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Paint the Auckland Harbour Bridge something other than boring old grey!

The title of this post says it all. Why does our somewhat lacklustre harbour bridge have to be painted the most uninspiring colour known to mankind? As far as monuments go it’s pretty damned blandiose. Can’t we paint it something a bit more, er, not grey?

I understand that the paint is there mostly for protective reasons rather than aesthetics, but my question is why can’t we have both? The way I figure it an appropriate industrial coating in some colour other than grey must be much the same cost and much the same to apply. After all, structures across the world are painted various colours just fine.

For example, the Eiffel Tower in Paris is a temporary structure made of iron and is 119 years old, but the French manage to change the paint colour periodically and still protect their historic monument. Every seven years they hold a public vote on what colour to go next. Obviously they stick to appropriate ‘monumental’ colours and avoid the pastels and neons, but it’s had a surprising number of variations from reddish brown through copper and mustard to the current chocolatey brown.

A selection of colours the Eiffel Tower has been painted in the past, with the current colour behind.

There are plenty of options for colour and we could likewise hold a vote. I like the idea of metallic bronzes or coppers, but things like green (think Statue of Liberty) or red (Golden Gate Bridge) might work too! So can’t we just pick a colour and use it instead of grey next time?

And while we’re at it, why not tart up the rest of it a bit? Some nice feature lighting could work to illuminate the structure, while some bluestone around the piers could be nice. Here’s a render from the folks at GetAcross of their skypath concept that shows one way to light the bridge up.

Skypath

 

So here are a couple of dodgy Photoshop jobs I’ve come up with, I decided to leave the clip ons grey to draw attention to the original structure, but feel free to post your own images or suggestions.

 

Bronze with bluestone

 

A version with bright copper, my favourite

 

and a greenish weathered copper

42 comments to Paint the Auckland Harbour Bridge something other than boring old grey!

  • patrick

    the green looks good

  • JCNZ

    The bridge itself is an ugly structure. I don’t think painting it a plain vibrant colour would do the job. If it’s to be painted, there needs to be a design to it rather than just painting the whole structure a single colour. However, I do think the bridge could do with some colourful lights. It would go so well with how lovely the city looks at night, looking across from the Shore.

  • OrangeKiwi

    The colour of the Golden Gate bridge is ‘international orange': goldengatebridge.org/research/factsGGBIntOrngColor.php
    As for the HB, I’d choose the nightlighting over a new colour anytime…

  • RHarris

    Not a bad idea. It is a rather dull bridge and architecturally unspectacular. Maybe a dark crimson.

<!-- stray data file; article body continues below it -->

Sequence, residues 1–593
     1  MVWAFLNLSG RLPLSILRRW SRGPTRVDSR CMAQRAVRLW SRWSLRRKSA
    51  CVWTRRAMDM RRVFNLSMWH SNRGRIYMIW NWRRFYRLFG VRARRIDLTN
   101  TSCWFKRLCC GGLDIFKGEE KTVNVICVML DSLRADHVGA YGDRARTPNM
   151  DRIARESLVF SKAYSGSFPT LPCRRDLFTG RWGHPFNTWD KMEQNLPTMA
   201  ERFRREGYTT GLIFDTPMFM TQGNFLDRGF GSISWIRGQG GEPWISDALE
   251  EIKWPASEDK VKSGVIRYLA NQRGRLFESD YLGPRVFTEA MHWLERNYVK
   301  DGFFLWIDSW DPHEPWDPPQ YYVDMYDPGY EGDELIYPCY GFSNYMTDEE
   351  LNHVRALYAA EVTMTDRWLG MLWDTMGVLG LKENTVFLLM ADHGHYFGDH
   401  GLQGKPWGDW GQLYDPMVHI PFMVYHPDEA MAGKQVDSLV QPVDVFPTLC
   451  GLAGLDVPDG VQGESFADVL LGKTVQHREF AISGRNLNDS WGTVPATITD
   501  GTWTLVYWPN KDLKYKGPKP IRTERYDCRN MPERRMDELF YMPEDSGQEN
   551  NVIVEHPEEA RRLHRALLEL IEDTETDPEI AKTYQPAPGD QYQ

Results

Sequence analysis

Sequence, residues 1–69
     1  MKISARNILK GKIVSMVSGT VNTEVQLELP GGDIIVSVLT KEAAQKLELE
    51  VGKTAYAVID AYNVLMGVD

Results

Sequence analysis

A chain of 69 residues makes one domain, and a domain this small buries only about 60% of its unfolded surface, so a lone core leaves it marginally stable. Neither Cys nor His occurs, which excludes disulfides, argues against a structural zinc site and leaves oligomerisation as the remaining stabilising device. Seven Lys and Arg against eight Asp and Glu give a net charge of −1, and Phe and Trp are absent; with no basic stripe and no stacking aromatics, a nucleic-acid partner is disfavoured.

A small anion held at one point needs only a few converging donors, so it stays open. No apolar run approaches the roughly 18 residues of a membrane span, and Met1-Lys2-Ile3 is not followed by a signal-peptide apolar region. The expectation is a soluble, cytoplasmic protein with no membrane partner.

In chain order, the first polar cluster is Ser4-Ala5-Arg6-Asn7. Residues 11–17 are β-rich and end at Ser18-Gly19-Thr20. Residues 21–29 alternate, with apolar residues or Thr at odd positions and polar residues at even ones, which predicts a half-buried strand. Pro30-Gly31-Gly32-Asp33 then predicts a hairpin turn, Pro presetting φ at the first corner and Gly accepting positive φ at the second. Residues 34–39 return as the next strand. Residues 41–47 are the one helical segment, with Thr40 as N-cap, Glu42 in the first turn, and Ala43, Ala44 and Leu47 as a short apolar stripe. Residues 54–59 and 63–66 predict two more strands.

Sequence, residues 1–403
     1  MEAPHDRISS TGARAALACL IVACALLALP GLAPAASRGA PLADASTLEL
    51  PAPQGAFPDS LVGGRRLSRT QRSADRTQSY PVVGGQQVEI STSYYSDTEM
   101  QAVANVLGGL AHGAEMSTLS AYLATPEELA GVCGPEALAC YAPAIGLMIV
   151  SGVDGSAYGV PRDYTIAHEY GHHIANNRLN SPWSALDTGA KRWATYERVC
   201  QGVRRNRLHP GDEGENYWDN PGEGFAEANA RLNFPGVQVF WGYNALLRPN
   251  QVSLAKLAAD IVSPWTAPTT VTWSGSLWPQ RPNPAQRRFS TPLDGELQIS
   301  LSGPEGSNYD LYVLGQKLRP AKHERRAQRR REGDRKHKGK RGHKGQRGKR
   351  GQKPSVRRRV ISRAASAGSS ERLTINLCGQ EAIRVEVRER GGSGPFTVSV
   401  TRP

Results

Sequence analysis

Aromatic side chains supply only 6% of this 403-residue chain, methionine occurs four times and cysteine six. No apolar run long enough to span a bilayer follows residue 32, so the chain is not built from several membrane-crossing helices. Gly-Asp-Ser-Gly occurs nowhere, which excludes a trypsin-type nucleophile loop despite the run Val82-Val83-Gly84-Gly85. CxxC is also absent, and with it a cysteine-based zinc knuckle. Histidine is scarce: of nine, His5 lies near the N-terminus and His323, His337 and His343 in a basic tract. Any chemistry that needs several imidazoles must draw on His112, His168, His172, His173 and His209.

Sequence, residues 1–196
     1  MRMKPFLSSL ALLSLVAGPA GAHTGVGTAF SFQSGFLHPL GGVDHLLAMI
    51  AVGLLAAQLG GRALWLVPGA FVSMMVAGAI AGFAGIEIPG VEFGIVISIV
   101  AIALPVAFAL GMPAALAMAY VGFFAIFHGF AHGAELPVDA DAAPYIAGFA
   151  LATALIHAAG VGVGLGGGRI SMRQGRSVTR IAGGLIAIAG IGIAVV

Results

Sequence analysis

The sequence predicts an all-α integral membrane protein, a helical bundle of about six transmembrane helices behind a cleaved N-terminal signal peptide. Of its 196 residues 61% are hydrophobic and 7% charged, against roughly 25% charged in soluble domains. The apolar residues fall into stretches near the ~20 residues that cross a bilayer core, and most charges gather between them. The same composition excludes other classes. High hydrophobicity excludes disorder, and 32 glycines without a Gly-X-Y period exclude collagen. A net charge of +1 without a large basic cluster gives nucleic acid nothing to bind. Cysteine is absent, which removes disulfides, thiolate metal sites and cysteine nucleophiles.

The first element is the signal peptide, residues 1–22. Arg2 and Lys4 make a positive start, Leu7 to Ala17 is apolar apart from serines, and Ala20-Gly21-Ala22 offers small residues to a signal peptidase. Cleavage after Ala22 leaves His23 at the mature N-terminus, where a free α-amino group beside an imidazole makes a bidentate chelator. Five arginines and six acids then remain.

• As I understand it, the bridge is gradually repainted bit by bit over the course of several years, and by the time the entire programme is complete it’s back to the beginning again. A different paint job would be really interesting, but I guess we’d have to deal with a patchwork bridge for several years, every time we wanted to change the colour.

    By the way, seeing those guys dressed in their heavy-duty painting gear, hanging off the bottom of the bridge sand-blasting the old paint off gave me a new appreciation for my cushy desk-job. Certainly looks like one of the toughest maintenance jobs out there, although the view isn’t too shabby.

    • That’s a bit of a myth actually, that they paint it from one end and by the time they’ve finished they have to start again. You hear the same thing about the Sydney Harbour Bridge or the Eiffel tower. From what I can find it takes about 12 months to complete a repaint and that lasts about four years before they start again. Apparently when sand blasting off the old paint a few workers started to develop lead poisoning and they had to shift to a stripping method that didn’t create airborne dust.

      So yeah, for a year or so we might have a work in progress, but hey like the cheese guys say, good things take time!

      • I think it’s all the bolts and nuts that take the time when maintaining and painting the bridge go. It’s fair to say there is a few up there.

      • Same is also said for the Forth Rail bridge however Wikipedia has this to say

        A recent repainting of the bridge commenced with a contract award in 2002, for a schedule of work which was completed on 9 December 2011.[26] It involved the application of 230,000 m2 of paint at a total cost of £130M. This new coat of paint is expected to have a life of at least 25 years, and perhaps as long as 40, thus removing the need for constant repainting.

  • Christopher T

    Last thing we need is another transport infrastructure contribution to Auckland’s already egregious levels of unnecessary light pollution.

  • I actually think this is important to do as it will counter the misconception that the bridge is “old” and we need to spend $5bn replacing it.

    How would you get the bluestone effect? If you use actual bluestone wouldn’t that add to the load on the piers? Would like to see the coloured clip on option as well. Could also look at illuminations that can change colour, a la Sky Tower, but concur with Christopher T that you don’t want to over do it.

  • Don’t underestimate the difference in price that the shade makes. I’m involved in community theatre, and we try to avoid red, and particularly green, because the paint is very significantly (like, 20% or more) more costly than neutral tones. Bright green for a floor will cost us about a third more in the paint budget than using a matte black or a dark grey.

  • Comment Box

    Can’t say I have an issue with the existing colour at all, it’s most likely meant to look like the material it’s made of.

    As we all know however, when it comes to putting colour on infrastructure some people hate what others love.